Can I rely on...

Emanuele D'Arrigo manu3d at gmail.com
Thu Mar 19 16:45:10 CET 2009


Sorry for the double-post, the first one was sent by mistake before
completion.

Hi everybody,

I just had a bit of a shiver for something I'm doing often in my code
but that might be based on a wrong assumption on my part. Take the
following code:

pattern = "aPattern"

compiledPatterns = [ ]
compiledPatterns.append(re.compile(pattern))

if(re.compile(pattern) in compiledPatterns):
    print("The compiled pattern is stored.")

As you can see I'm effectively assuming that every time re.compile()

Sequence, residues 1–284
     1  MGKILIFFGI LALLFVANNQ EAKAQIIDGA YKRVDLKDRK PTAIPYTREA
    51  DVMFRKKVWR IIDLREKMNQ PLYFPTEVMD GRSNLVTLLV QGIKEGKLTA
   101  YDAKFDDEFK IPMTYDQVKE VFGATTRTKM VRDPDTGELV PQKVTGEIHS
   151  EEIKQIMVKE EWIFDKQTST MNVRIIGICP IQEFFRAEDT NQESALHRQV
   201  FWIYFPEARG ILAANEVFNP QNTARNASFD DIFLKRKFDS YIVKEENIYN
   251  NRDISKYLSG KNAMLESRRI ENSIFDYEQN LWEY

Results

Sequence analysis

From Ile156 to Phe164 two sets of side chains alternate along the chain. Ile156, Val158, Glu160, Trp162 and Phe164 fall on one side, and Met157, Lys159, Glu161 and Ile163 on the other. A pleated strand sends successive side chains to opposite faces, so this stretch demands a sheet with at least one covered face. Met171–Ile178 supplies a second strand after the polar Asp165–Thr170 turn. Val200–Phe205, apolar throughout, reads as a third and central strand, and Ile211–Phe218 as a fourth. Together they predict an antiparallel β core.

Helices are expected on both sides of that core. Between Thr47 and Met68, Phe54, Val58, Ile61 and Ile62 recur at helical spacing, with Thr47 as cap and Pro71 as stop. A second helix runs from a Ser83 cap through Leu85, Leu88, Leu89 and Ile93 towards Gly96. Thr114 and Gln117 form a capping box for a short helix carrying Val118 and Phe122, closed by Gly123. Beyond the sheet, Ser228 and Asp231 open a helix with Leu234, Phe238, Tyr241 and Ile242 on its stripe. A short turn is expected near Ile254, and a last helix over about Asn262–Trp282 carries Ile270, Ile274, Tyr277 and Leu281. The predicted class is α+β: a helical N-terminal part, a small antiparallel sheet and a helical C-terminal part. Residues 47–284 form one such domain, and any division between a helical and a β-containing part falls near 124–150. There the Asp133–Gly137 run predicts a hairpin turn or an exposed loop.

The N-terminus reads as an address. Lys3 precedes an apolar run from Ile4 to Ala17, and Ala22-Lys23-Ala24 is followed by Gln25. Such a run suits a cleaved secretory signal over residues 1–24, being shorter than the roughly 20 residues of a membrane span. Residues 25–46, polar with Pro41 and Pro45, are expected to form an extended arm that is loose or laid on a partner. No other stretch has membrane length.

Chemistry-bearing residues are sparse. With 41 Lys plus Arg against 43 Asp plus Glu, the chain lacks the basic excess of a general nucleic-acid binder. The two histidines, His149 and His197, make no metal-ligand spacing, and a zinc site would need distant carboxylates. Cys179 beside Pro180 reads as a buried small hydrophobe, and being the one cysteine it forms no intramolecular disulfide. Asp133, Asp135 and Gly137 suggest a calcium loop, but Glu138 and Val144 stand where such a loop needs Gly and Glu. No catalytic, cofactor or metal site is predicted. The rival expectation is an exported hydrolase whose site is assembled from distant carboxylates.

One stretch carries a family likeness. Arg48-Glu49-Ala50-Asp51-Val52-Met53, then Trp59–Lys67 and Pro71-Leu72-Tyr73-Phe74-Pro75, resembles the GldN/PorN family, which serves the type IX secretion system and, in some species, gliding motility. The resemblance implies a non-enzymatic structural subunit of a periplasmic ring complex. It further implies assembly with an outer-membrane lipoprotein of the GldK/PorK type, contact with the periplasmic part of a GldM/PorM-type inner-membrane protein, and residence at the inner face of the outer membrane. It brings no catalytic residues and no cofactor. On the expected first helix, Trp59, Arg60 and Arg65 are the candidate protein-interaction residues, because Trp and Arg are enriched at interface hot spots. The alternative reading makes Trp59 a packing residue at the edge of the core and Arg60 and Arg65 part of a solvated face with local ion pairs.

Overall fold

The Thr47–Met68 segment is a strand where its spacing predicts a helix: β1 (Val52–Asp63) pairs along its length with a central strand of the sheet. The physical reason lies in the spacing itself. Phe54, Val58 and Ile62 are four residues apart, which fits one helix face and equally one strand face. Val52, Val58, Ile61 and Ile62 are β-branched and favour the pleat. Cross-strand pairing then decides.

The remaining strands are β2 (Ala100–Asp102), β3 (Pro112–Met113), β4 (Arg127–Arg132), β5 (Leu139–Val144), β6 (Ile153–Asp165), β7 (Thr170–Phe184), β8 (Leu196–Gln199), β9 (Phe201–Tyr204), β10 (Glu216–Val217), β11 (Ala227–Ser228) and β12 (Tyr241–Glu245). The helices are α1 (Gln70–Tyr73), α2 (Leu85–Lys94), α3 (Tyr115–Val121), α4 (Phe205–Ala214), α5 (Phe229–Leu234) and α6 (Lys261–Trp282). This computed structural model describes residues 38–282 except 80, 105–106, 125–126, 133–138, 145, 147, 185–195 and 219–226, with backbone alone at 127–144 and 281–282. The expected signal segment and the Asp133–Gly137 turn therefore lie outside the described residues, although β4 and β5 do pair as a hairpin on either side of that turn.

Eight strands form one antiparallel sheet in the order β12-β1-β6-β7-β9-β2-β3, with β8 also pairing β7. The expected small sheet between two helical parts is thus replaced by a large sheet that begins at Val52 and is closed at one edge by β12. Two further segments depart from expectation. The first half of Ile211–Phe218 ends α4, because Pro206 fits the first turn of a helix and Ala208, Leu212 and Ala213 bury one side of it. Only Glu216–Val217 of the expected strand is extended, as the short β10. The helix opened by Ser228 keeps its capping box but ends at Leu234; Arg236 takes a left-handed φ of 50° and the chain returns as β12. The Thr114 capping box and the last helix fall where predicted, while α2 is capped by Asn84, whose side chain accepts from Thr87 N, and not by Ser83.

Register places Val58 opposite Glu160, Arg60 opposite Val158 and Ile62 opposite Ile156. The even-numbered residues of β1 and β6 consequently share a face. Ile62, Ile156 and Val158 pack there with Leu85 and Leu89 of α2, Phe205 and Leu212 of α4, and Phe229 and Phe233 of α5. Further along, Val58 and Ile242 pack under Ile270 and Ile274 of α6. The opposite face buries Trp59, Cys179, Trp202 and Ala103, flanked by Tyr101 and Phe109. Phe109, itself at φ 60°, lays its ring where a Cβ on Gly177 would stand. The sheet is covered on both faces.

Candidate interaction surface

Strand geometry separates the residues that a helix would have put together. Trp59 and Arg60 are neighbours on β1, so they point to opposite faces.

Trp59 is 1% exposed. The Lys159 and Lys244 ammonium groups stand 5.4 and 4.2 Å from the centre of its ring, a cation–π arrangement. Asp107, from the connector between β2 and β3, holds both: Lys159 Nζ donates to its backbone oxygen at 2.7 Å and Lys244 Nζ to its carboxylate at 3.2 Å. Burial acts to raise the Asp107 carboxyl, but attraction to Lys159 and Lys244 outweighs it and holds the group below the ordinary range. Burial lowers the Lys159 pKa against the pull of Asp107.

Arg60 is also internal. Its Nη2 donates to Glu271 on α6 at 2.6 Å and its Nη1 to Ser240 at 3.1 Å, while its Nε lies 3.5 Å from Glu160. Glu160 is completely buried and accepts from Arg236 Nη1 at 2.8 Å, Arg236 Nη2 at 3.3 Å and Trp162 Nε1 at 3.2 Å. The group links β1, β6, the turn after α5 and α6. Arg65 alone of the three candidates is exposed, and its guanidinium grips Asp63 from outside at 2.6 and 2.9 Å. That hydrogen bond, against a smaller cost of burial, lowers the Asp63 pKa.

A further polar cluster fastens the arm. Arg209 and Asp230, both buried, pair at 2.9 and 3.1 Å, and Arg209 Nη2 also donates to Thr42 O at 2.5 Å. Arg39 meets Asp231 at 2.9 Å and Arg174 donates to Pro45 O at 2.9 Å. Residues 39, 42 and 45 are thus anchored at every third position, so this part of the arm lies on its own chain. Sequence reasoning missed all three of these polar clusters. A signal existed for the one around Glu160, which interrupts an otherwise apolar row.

is called with the same input pattern it will return the exact same
object rather than a second, identical, object. In interactive tests
via python shell this seems to be the case but... can I rely on it -
always- being the case?

If the answer is no, am I right to state the in the case portrayed
above the only way to be safe is to use the following code instead?

for item in compiledPatterns:
   if(item.pattern == pattern):
        print("The compiled pattern is stored.")
        break

And what about any other function or class/method? Is there a way to
discriminate between methods and functions that when invoked twice
with the same arguments will return the same object and those that in
the same circumstances will return two identical objects? Or is it one
of those implementation-specific issues?

Manu



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